“That there are persons so wofully ignorant, or so wilfully blind, as to seek an exchange from the ascertained and established blessing of clearly defined and limited monarchy, for the wild and visionary speculations of republican anarchy, the added experience of every hour but too clearly proves, but who shall assert that they will not hide their guilty heads, and sink into their original obscurity, when they see the respectable and independent Yeomanry of the kingdom stepping forth, with undaunted courage, in defence of their beloved Sovereign and of that Constitution, which the test of time has proved to be without an equal, and which has secured to their ancestors and to themselves every enjoyment rational and moderate mind can wish for?”
So asserted, a little breathlessly, Major Francis Perceval Eliot of the Staffordshire Yeomanry in his Letters on the subject of the arm’d Yeomanry of 1794, the year of the regiment’s raising. But his own stout yeomanry had not, in truth, proved themselves entirely “respectable”, with some “wild and visionary speculations of republican anarchy” surfacing at the very heart of the regimental committee, particularly in regard to that eternal stimulus to controversy among volunteer soldiers – uniform. Disaffection among the auxiliary military during the wars against France is the stuff of countless theses, but the role of clothing in this has perhaps not been recognised.
In his British Military Uniforms of 1948, the fashion historian James Laver identifies three scales of definition that apply to all costume: Seduction, Utility and Hierarchy. A faction within the Staffordshire committee would have pushed the latter to its lowest extreme by eliminating all visible marks of rank, and bitter disputes over officers’ distinctions took on a clear political dimension. In October 1794 Captain William Tennant of the Walsall troop wrote to Eliot:
“Those men who are capable of cavilling about trifles, when so great a stake is pending, are not, cannot be judged hearty in the cause they have undertaken to support; they who can disapprove the distinction due to the King’s Commission, would not scruple to wrest the sceptre from that monarch ‘who is the breath of our nostrils’ & demolish that constitution which our ancestors formed with their wisdom & maintained with their blood.”
An impending resolution to exclude officers entirely from the committee was clear evidence of republicanism and levelling. Tennant tried to finish on a more practical note, but his emotions got the better of him:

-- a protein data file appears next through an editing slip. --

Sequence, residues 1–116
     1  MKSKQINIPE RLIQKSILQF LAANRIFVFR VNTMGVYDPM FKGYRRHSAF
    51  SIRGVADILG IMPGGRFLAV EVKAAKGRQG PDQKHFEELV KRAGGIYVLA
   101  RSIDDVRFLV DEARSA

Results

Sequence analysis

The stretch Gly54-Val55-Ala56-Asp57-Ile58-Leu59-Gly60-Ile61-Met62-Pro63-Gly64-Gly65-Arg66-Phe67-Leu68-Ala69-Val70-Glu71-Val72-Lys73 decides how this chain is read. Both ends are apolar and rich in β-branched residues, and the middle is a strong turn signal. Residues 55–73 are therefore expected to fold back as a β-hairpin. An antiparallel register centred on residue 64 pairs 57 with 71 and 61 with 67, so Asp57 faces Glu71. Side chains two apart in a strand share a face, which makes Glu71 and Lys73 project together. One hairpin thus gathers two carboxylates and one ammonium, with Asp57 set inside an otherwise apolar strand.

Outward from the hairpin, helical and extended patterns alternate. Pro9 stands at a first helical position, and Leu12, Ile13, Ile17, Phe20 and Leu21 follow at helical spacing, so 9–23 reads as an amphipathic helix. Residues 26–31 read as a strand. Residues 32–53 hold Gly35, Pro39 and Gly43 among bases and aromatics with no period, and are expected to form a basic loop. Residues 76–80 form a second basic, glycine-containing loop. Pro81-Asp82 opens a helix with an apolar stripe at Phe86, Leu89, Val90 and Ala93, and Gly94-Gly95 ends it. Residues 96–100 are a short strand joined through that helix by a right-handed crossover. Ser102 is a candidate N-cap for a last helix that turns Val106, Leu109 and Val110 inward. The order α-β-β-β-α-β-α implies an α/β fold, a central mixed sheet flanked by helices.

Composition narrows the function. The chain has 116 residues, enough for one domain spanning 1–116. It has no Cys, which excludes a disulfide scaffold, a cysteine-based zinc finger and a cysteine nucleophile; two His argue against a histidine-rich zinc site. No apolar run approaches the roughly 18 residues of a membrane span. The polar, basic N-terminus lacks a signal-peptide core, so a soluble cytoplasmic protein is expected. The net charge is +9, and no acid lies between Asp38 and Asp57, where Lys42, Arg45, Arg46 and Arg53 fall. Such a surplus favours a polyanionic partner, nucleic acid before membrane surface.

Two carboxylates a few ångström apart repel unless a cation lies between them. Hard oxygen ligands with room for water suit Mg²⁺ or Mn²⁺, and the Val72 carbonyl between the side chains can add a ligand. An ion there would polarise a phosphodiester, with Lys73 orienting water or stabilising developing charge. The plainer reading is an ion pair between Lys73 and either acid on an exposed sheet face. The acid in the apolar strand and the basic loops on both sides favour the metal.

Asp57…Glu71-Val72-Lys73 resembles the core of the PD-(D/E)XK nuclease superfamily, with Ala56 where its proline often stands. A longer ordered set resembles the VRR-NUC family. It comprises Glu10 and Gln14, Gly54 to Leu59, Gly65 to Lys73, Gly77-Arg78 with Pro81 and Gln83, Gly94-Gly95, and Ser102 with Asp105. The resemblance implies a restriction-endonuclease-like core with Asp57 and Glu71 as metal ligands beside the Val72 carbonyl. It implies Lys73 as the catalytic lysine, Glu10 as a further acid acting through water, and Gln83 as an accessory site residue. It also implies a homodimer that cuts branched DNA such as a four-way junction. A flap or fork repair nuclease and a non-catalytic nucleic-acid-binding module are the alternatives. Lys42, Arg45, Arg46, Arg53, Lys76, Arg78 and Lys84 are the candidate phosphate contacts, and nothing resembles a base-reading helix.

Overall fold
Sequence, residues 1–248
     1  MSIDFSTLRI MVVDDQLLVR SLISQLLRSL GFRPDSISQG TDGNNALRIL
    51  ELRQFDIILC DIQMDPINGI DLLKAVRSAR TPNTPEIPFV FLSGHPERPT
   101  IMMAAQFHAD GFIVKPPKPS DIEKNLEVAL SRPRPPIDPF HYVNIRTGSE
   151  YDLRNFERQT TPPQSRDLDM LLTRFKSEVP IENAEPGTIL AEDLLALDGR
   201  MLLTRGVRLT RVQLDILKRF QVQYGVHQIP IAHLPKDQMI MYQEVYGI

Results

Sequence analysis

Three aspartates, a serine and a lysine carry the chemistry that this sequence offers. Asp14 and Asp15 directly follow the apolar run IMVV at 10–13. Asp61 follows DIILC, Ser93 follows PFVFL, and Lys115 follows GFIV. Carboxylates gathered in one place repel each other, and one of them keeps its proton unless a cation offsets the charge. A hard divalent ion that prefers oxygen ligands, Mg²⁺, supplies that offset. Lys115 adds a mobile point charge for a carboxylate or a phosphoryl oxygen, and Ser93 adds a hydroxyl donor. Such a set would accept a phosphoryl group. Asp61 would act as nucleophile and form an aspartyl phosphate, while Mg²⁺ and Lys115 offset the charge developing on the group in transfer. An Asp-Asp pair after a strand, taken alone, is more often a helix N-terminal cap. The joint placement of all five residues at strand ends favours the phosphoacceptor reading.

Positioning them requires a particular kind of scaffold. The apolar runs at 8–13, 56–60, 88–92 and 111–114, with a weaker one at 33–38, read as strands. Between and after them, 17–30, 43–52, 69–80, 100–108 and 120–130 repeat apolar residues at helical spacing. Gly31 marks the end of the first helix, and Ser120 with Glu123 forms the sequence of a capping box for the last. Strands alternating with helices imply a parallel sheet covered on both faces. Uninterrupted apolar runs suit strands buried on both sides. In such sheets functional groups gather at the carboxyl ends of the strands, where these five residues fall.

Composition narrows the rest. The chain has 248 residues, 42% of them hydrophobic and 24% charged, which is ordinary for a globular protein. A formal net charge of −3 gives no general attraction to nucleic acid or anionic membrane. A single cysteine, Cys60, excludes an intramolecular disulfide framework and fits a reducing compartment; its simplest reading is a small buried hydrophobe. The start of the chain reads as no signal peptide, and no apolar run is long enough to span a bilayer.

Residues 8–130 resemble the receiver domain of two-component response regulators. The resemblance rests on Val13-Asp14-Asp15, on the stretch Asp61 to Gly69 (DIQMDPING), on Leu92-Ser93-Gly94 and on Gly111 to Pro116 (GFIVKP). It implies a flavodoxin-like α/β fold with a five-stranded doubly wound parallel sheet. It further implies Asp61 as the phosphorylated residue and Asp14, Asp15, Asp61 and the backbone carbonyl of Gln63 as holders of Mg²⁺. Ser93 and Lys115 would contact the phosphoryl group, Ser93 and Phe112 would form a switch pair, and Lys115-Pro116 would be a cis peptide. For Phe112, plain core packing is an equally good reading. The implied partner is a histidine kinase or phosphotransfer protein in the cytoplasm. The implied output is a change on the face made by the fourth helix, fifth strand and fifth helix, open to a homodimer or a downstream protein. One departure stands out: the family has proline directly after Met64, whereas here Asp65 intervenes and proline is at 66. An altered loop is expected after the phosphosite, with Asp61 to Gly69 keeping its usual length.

“The spurs, spur leathers, field epaulets, stirrups and stirrup leathers, girths & surcingles will, I hope, reach you in the course of the ensuing week; & in a little more than a fortnight, your proportion of Pistols will also wait on you. That G-d may send their contents into the heart of every democrat existing is the sincerest wish of, Dear Sir, Yr’s Truly, Wm. Tennant.”
When matters came to a head the following month, Eliot wrote to his Colonel, Lord Sutherland, to resign his majority (a step later rescinded):
“I am well convinc’d that those who would wish to degrade and vilify the bearers of his Majesty’s commission, want nothing but the power to attack the throne itself. I have said before my Lord that it is not the form of an epaulette or the gilding of an ornament to the helmet, which gives me a moment’s concern, it is not the particular question, it is the general principle which I resist – so far from it that I should be very glad to have the common field helmet to save my better one for the evening …”
“Democratic” resolutions would eliminate the authority of the Colonel, and oblige officers to take orders from the ranks. Why, he himself had even been called a “martinet”!
“I even said that I thought Officers ought to be distinguish’d in the whole of their dress, & that tho’ I was perfectly contented to wear the same uniform as the private gentlemen I was well convinc’d that those who objected to whatever distinction the Officers chose among themselves to put on did not mean to serve their Country … they [his troop] ask’d me if it was not Shaw the Schoolmaster who was at the bottom of it & that they were well aware of his character as a known enemy to the King & Constitution …
The Serpent is no longer contented with creeping in the grass, but is beginning to rear his crest & dart his venom abroad – we were told that the giving up the first question of the superfine cloth would suffice & that nothing further would be ask’d – to this succeeded the bridles then the epaulettes – the sashes were next attacked & now the helmets – & vires acquirit eundo [It gathers strength as it goes].”
“Superfine” cloth was a usual distinction of officers. In the event, officers’ sashes probably survived, and epaulettes of some sort are itemised in the regimental accounts of the following year. Unfortunately, I can find nothing more on Shaw the Schoolmaster and his levelling agenda, but his influence cannot have lasted long.
A pleasingly naive image of a Staffordshire Yeoman, drawn by Eliot himself, forms the frontispiece to his Letters, as shown above. As there is no indication of rank, the engraving appears to show a private. Webster’s 1870 regimental history has a plate derived directly from this, but captioned “An Officer in Review Order 1794”. Quite why this image, 75 years later, should have come to be seen as an officer is not at all clear, but given the controversies of 1794 it’s a nice irony. Shaw the Schoolmaster would certainly have approved.